May 17, 2012
Parshat B’Har-Bechukotai: The land I am giving you
Many who write about this parsha focus on the question that Rashi asks (quoting the Sifra on B’har), “Why are the rules of Shmittah (the Sabbatical year for the land of Israel) mentioned in the context of ‘Moshe at Mt. Sinai?’” The Hebrew phrase “Mah inyan Shmittah eitzel Har Sinai?” has taken on a life of its own, in that it has come to be the Hebrew idiom equivalent of “what does this have to do with the price of tea in China?”
Is the assumption behind the question even correct?
According to the Or HaChaim, the focus of the connection to Sinai should not be on Shmittah, because Shmittah is not what is most immediately connected to Sinai in the verse.
“G-d spoke to Moses at Mount Sinai, telling him to speak to the Israelites and say to them: When you come to the land that I am giving you, the land must be given a rest period, a Sabbath to G-d.” (25:1-2)
The real question should be, “What is the connection between the land being promised and Mount Sinai?”
The Or HaChaim says, “Perhaps, because it mentioned that the land is a gift – ‘that I am giving you’ – it mentions that it stems from Mount Sinai. This is to teach that on account of the events of Mount Sinai, in other words, what they received there [the Torah], the gift could be completed. It is on account of [their having received] the Torah that G-d gave them the land.”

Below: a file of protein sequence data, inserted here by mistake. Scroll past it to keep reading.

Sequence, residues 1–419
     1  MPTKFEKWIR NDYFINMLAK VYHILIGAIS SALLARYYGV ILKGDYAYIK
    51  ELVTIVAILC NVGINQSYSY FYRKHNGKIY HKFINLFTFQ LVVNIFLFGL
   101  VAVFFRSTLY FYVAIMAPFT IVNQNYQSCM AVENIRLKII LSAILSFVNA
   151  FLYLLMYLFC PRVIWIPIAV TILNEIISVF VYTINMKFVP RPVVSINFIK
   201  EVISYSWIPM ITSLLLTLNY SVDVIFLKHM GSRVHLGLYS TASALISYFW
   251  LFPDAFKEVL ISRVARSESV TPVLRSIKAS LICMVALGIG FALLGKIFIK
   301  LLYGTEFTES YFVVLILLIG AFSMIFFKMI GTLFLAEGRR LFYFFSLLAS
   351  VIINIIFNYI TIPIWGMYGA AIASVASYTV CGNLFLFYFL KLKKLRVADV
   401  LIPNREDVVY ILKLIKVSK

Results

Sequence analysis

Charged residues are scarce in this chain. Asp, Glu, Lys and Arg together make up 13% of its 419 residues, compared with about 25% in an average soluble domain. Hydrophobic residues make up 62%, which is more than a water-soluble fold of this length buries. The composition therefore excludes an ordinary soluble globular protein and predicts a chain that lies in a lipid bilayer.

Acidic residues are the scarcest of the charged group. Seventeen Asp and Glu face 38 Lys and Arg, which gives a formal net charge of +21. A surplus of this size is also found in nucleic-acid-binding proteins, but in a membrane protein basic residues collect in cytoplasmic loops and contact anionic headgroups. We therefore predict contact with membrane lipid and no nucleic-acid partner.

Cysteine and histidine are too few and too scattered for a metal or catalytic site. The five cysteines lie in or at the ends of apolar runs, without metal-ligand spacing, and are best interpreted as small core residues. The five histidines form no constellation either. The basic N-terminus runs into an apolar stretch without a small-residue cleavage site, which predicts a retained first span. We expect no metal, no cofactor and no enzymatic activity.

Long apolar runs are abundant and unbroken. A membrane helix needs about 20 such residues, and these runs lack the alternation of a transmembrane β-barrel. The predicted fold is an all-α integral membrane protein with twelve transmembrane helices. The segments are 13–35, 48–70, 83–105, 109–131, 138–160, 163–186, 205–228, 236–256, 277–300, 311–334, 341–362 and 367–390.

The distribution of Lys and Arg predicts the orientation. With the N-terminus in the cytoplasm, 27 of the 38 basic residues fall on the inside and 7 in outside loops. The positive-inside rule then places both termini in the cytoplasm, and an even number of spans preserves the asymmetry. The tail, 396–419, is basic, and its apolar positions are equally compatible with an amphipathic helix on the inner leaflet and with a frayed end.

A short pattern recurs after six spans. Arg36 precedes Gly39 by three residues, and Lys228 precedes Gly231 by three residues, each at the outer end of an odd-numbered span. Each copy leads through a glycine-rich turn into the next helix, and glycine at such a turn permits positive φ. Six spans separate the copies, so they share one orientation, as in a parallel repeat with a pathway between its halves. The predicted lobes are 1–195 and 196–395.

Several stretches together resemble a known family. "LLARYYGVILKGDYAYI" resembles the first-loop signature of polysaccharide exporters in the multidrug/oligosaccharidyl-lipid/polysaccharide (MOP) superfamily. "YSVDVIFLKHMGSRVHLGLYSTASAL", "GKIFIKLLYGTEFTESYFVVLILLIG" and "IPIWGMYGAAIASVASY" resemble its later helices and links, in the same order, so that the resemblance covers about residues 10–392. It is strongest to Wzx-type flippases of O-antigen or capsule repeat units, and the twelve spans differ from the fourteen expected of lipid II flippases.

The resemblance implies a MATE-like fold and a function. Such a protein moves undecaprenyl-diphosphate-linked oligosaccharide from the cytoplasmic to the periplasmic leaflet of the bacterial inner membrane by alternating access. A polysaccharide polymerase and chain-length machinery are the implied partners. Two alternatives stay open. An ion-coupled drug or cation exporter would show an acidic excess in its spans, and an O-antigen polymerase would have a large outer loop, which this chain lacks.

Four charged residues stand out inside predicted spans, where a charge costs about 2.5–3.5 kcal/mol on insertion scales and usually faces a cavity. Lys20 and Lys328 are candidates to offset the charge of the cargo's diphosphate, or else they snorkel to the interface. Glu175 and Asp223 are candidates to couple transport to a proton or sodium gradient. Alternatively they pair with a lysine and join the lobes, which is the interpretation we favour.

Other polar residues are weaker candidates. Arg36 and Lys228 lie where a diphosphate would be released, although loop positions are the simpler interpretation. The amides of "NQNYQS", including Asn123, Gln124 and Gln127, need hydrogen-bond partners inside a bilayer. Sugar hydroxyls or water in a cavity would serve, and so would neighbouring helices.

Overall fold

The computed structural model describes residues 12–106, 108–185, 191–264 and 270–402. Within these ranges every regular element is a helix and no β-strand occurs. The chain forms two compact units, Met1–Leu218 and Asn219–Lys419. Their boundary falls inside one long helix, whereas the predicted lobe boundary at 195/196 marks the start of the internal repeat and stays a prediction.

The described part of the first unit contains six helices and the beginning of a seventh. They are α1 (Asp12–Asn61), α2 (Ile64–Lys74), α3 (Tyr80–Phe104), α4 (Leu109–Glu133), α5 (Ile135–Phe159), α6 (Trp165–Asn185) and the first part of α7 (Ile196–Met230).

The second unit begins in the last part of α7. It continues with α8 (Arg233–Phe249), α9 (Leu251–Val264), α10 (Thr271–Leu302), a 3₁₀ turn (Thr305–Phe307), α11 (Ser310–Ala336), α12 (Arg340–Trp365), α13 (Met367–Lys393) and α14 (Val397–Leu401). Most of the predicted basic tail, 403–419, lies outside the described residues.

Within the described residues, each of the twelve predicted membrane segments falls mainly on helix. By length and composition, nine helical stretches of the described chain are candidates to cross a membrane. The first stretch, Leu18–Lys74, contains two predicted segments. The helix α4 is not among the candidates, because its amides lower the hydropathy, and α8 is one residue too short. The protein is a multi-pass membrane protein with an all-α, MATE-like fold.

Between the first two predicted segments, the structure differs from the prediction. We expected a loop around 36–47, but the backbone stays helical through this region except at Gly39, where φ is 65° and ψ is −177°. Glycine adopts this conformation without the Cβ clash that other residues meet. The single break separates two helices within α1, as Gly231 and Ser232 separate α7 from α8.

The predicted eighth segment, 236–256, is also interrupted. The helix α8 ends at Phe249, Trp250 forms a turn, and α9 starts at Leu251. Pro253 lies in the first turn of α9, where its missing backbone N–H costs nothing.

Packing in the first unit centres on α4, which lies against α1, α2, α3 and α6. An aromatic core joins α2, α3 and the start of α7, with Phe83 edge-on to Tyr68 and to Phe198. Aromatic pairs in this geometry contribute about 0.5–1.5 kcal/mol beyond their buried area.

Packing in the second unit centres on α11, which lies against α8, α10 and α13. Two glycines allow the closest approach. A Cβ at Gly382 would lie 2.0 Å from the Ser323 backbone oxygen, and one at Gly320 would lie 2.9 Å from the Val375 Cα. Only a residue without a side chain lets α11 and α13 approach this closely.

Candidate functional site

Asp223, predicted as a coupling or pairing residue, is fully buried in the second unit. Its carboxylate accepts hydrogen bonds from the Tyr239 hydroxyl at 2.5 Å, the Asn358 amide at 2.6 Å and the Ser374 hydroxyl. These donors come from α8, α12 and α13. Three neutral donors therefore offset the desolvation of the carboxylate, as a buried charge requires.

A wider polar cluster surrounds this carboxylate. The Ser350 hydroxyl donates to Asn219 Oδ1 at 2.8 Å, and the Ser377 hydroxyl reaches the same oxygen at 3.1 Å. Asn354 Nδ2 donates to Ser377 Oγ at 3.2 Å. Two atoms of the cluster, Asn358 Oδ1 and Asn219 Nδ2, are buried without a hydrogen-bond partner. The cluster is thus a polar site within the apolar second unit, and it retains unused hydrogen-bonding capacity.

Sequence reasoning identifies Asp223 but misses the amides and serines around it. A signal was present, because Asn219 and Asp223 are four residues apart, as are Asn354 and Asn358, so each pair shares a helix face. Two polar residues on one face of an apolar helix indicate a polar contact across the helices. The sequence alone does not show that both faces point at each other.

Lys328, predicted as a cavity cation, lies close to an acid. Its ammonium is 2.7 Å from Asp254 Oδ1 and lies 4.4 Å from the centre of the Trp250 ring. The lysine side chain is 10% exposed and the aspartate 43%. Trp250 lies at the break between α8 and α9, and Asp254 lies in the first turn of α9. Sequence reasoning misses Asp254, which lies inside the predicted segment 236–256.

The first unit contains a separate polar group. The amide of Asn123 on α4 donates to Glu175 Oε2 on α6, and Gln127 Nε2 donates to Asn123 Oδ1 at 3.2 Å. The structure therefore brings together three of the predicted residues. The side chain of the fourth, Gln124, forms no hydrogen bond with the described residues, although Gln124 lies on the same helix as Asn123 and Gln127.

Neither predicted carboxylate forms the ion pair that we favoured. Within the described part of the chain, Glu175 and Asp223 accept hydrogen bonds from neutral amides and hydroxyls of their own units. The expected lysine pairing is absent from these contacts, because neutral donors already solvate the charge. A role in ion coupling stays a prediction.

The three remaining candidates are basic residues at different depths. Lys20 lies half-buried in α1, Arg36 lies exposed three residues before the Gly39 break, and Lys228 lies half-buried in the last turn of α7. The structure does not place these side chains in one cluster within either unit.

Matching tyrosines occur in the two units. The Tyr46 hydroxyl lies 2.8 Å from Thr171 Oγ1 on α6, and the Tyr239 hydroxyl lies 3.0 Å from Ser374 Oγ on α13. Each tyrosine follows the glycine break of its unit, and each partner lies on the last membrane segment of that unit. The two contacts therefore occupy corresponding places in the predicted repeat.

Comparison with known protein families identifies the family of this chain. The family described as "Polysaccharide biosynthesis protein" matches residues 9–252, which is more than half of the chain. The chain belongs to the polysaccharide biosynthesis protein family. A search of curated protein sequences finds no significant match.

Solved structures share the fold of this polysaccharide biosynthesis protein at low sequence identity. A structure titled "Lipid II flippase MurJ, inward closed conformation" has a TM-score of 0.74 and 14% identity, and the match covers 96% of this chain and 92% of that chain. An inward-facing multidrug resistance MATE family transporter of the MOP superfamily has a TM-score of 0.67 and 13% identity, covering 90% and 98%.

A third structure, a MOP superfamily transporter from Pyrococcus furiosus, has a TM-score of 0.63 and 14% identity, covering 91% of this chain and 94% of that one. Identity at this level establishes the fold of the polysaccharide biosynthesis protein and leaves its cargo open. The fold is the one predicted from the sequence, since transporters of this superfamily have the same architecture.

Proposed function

Continuing along this line of thought, the Or HaChaim quotes Maimonides Laws of Possession and Gifts 3:11, who says, “An Israelite may not give an idolator (Aku”m) a gift for nothing. He may give [a free gift] to a stranger who lives in peace [‘ger toshav’]. To a total stranger (‘nokhri’) he must sell the item, but to a ‘ger toshav’ he may either sell it or gift it.”
As a brief aside, a simple difference between a ‘ger toshav’ and a ‘nokhri’ is that the former not only lives in peace with the Israelites, but formally accepts their autonomy and system of laws and is an adherent of the Noahide laws. The latter, on the other hand, might live in peace out of a personal conviction, but he is not part of a formal group who has conceded power to the local Israelite autonomy. He has also not accepted the Noahide laws and might personally be an idolator. [There are many more details associated with these laws, including debates over which non-Jews qualify for each category.]